UPDATE: OKLAHOMA BOMBING COVER-UP
OKC BOMBING FALLOUT
FBI has secret docs
it's reticent to give up
Judge ordered disclosure of info on informants that could shed light on Oklahoma City tragedy
Posted: May 25, 2005
5:00 p.m. Eastern
© 2005 WorldNetDaily.com
The FBI says it has located 340 documents related to the bombing of the Oklahoma City federal building in 1995, documents that could reveal damaging information about what the agency and its informants knew about the mass murder plot, reports the McCurtain Daily Gazette.
According to the report in the McCurtain County, Okla., paper, the documents address the monitoring of the bombing by FBI informants, Alabama attorney Morris Dees and Dees' organization, the Southern Poverty Law Center.
Writes reporter J.D. Cash in the Gazette: "If proven true, the ramifications of such disclosures would be far-reaching. Not only could the discovery of these documents lead to additional arrests and prosecutions in the OKC bombing case, but evidence of a cover-up of a sting operation involving the FBI and a private charity could ruin a number of careers of highly placed individuals."
The documents are part of an extensive filing made in federal court in Salt Lake City, Utah, on Monday. A court order was obtained by Salt Lake City attorney Jesse Trentadue, the plaintiff in a Freedom of Information suit against the Oklahoma City FBI office, the Gazette reported. Trentadue has been seeking evidence in the untimely death of his brother, whose body was found beaten and slashed while the inmate awaited a parole violation hearing.
Trentadue believes his brother was tortured and killed by government agents who mistakenly thought he was involved with executed killer Timothy McVeigh and others in a string of bank robberies and the bombing of the Oklahoma City federal building.
After learning the FBI was involved in a sting operation with the Southern Poverty Law Center, Trentadue, the Gazette reports, sought a copy of two teletypes from former FBI Director Louis Freeh that discussed the undercover operation "that proved the FBI knew in advance McVeigh's plans for bombing a federal building."
The FBI initially denied it had the teletypes, but after Trentadue produced redacted copies of them, he went to court to force the FBI to cough up copies of their original un-redacted versions.
On May 5, U.S. District Court Judge Dale A. Kimball ordered the FBI to turn over un-redacted copies of two teletypes sent by Freeh to a select group of FBI field offices, including the OKBOMB task force in Oklahoma City. Kimball's order also included instructions to perform an extensive search for other records involving McVeigh, his alleged co-conspirators and informants working for the Southern Poverty Law Center.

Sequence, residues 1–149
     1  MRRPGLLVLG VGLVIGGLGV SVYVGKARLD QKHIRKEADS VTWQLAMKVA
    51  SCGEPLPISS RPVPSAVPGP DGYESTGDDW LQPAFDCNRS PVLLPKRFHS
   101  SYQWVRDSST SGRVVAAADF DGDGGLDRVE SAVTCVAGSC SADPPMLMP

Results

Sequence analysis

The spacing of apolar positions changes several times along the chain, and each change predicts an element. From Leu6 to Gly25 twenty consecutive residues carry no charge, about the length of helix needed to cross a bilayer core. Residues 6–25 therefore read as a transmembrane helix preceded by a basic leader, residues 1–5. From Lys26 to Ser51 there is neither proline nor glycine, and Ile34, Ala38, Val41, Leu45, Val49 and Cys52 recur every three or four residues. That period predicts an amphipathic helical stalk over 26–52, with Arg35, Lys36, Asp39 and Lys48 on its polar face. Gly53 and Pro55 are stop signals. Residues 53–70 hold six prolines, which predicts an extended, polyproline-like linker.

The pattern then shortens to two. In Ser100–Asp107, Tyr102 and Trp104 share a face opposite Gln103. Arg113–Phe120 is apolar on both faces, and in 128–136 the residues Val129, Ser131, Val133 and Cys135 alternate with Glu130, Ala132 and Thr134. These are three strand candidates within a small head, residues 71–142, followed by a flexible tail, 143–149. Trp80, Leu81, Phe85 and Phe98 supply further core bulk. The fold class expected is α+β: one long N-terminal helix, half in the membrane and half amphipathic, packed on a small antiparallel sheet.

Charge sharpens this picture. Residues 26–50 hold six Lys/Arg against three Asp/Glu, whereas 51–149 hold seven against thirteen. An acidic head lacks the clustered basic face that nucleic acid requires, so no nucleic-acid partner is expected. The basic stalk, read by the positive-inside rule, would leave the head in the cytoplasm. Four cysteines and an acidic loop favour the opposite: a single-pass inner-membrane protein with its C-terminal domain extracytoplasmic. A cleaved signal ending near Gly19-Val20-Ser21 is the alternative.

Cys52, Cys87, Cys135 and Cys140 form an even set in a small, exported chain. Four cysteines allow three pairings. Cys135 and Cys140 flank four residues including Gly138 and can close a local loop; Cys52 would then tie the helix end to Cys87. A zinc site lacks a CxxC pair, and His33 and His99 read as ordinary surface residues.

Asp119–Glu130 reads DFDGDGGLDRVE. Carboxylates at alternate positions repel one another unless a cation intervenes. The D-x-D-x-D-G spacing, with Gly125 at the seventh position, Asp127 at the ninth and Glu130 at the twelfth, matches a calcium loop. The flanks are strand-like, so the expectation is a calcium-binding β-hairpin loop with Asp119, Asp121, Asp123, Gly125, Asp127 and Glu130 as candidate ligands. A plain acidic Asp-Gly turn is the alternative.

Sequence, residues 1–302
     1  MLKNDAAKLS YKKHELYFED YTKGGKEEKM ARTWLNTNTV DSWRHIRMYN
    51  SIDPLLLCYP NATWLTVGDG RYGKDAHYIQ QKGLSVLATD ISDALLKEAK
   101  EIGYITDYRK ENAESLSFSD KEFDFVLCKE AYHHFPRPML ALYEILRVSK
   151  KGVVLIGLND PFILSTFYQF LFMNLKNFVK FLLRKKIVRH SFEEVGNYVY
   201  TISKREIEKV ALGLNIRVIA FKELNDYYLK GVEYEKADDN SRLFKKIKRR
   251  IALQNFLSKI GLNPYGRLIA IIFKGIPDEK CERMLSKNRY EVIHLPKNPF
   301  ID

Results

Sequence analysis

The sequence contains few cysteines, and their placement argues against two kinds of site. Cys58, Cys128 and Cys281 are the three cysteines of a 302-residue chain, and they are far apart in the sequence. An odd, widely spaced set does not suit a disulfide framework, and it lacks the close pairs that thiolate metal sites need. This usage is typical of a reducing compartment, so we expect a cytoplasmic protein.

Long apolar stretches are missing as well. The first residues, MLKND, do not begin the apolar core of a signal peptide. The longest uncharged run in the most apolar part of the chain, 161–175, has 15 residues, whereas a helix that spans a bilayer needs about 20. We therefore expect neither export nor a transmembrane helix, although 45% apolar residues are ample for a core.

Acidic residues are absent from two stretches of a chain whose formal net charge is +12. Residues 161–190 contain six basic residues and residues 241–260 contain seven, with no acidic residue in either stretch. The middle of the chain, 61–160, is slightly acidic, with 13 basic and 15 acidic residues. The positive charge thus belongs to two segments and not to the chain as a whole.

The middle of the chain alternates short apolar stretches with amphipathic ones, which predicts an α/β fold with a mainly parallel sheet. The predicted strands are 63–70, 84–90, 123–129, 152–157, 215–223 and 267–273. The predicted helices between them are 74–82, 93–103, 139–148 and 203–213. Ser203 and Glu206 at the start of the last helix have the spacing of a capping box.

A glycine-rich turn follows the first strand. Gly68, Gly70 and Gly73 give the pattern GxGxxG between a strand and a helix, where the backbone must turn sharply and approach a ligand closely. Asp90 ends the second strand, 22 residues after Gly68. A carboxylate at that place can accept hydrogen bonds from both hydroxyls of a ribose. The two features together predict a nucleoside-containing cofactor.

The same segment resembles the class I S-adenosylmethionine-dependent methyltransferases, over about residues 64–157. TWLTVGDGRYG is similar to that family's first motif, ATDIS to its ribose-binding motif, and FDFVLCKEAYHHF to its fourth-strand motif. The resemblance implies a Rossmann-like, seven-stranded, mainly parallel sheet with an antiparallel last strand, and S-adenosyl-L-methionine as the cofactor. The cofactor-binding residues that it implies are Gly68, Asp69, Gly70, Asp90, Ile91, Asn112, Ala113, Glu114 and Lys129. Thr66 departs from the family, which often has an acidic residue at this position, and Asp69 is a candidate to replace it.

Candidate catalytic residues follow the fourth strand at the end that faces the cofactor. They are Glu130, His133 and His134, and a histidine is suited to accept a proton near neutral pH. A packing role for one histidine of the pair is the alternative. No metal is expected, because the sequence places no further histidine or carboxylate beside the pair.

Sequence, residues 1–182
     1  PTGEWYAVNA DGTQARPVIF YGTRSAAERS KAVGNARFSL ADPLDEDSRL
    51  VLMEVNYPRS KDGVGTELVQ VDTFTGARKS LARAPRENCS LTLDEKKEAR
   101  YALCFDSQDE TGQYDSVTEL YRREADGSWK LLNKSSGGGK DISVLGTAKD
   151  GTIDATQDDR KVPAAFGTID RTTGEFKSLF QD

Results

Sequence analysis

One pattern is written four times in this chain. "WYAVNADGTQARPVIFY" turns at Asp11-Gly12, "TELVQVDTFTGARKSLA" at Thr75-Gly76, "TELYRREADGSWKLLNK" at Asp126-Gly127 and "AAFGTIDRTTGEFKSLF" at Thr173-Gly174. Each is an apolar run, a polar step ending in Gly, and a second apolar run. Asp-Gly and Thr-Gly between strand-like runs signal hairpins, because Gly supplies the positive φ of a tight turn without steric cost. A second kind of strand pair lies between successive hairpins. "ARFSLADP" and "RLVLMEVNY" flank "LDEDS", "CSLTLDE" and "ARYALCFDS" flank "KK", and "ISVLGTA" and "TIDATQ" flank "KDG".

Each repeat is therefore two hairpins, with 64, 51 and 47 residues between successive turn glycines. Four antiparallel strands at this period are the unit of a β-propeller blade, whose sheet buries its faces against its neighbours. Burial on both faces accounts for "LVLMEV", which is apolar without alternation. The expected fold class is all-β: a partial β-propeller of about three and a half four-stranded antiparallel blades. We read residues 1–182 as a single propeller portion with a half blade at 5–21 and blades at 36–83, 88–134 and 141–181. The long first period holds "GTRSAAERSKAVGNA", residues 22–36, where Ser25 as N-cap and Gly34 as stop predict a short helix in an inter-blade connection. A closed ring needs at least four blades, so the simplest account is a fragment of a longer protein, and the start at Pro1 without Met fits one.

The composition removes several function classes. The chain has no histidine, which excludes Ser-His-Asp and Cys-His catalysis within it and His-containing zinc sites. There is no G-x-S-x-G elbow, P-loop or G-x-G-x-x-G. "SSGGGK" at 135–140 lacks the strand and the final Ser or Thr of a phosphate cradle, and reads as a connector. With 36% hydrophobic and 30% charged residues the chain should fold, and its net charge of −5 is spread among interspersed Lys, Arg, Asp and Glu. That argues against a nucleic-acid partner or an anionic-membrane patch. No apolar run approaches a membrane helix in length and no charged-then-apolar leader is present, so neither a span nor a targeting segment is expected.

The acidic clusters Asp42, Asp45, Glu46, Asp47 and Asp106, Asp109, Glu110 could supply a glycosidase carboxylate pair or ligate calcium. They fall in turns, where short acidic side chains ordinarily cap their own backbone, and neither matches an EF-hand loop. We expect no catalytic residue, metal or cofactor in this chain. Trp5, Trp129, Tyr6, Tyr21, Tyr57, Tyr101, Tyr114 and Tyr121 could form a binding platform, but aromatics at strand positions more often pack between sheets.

The paper reported that, according to a Jan. 4, 1996, teletype, Freeh disclosed the Southern Poverty Law Center had an informant at the white supremacist Elohim City compound when McVeigh called the facility requesting assistance with his plans. The teletype said the call was made on April 17, 1995 – 48 hours before a truck bomb destroyed the Murrah Federal Building, killing 168 persons and injuring 500 more.
For years, the FBI has repeatedly denied the agency had any prior knowledge of the bomb plot.
The FBI now says it has found 340 documents that could also link the SPLC to McVeigh, Elohim City and members of the Aryan Republican Army.
On Monday, the FBI proposed several alternatives to turning over the documents listed in Kimball's order, saying it did not have time to comply with the judge's order to turn over the material Trentadue is seeking by June 15.
Said an agency representative: "In the past, the backlog in the FOIPA Section has been exacerbated by the high volume of administrative appeals that will require review and response by the FBI's FOIPA Section personnel. … At the present time, the FBI is involved in over 150 pending lawsuits in various federal district and appellate courts throughout the United States."
The agency further argued that revealing the elements of its intelligence-gathering operation at Elohim City would not be in the best interests of the nation.
MURDERED BY OKLAHOMA
FBI Tries To Limit Info Searches
Sat Jan 22, 2005 03:56
BI Tries To Limit Info Searches
WASHINGTON, Jan. 21, 2005
The FBI is fighting in court to limit how hard it has
to search for government documents requested by the
public under the Freedom of Information Act, one of
the main laws for ensuring openness in government.
If the bureau prevails, people could have a diminished
chance of getting documents from the nation's most
famous law enforcement agency, open records experts
In court, the FBI is defending a recent automated
search that missed some documents that had been
released years ago in a separate FOIA case.
Representing the FBI, the Justice Department asked a
federal judge this month to dismiss this lawsuit and
said its request should not be undermined "by an
unsuccessful search for a document as long as the
search was adequate." FBI officials declined to
further address the ongoing litigation.
Justice Department guidelines say the law requires a
search "reasonably calculated to uncover all relevant
Legal and academic critics say the search in this case